“Glass has a lot of weight to it,” said Boyce. “Why would we pay more when we’re being charged by the ton and they’re just throwing it out anyway?” 
Durfor of the NRRA said there are other means of recycling glass that cities and towns should consider, including substituting glass for gravel. He noted that the town of New London has used recycled glass for its road construction projects for decades. 
In a statement released after Laconia’s announcement, the NRRA also said glass is “detrimental for both incinerators and single-stream processing plants and its disposal as waste will only accelerate the loss of landfill capacity.”
 
 
Finding solutions
According to Moore of the state’s Solid Waste Management Bureau, New Hampshire doesn’t have any statewide recycling guidelines. This has forced local municipalities to figure out what might work for their specific city or town. 
Derry was one of the first towns in the state to make recycling mandatory and has had a high participation rate from the start, according to public works director Mike Fowler. 
“I believe we made some good decisions starting in the 1990s to embrace recycling,” said Fowler. “Our residents who drop off are really well-informed about what we’re doing. One of the things we’ve been very lucky with is our product is very clean and we don’t have a lot of contamination.”
Derry opened a new recycling facility in January 2016 with separate bunkers designated for individual recyclables. The facility recycles a variety of materials, including cardboard, mixed paper, aluminum, tin cans, plastics, scrap metals and construction and demolition debris.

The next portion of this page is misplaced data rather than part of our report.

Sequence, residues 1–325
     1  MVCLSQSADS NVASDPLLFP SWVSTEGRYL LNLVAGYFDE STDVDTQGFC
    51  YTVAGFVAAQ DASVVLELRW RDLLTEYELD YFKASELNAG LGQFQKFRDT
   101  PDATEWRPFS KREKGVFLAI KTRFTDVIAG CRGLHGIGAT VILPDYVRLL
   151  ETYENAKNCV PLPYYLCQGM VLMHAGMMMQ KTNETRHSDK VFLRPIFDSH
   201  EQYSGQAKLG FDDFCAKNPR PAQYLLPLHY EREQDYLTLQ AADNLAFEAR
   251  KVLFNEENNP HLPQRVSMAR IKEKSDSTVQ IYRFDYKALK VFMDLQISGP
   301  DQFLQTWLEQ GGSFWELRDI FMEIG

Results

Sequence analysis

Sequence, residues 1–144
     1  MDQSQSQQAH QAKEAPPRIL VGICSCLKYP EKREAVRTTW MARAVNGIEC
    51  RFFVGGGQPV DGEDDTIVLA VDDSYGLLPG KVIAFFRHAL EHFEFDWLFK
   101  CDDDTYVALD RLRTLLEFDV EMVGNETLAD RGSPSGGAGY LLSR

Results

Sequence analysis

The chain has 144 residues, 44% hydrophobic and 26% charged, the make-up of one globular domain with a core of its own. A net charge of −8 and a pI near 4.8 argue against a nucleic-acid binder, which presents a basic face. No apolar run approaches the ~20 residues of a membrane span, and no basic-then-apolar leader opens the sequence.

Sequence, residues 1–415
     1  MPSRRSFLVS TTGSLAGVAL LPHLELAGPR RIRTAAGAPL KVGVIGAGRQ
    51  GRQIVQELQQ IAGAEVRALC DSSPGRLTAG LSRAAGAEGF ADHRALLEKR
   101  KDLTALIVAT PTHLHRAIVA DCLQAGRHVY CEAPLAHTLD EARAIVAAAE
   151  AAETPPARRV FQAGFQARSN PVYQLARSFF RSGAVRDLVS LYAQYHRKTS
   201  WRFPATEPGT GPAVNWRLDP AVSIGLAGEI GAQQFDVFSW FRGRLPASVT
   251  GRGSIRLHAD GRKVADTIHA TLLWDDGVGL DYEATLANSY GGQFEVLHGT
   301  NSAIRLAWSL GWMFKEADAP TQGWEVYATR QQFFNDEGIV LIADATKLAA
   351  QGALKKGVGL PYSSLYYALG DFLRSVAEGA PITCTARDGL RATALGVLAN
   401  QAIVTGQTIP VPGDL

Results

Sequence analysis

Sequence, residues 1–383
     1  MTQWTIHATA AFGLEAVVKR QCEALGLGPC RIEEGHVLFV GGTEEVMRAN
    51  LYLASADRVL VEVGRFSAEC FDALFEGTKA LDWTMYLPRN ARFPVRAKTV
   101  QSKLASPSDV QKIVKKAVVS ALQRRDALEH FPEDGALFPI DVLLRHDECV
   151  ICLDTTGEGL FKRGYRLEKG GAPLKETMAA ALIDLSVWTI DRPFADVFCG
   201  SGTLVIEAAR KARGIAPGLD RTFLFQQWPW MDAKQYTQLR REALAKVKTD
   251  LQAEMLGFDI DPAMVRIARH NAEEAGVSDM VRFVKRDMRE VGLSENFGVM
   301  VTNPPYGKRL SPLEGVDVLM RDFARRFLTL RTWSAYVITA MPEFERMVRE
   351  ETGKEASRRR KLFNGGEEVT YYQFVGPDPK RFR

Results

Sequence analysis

Though market values shift regularly, Fowler said, the town has been able to generate an overall annual revenue between $400,000 and $700,000 from selling recyclables. 
“We look at it not only as a source of revenue, but also as a benefit from not having to throw it in the trash stream,” said Fowler. “Derry recycles about 5,000 tons of materials annually, and there’s a significant cost reduction when you can turn around and sell that instead of throwing it out.” 
Ultimately, Moore said, it comes down to individual residents recycling properly in the first place. 
“When people bring in their recycling or put it out on the curb, they need to understand what’s accepted and not accepted,” he said. “If they haven’t started already, I think we’re going to see cities and towns trying to make sure residents know the guidelines of their specific service provider.”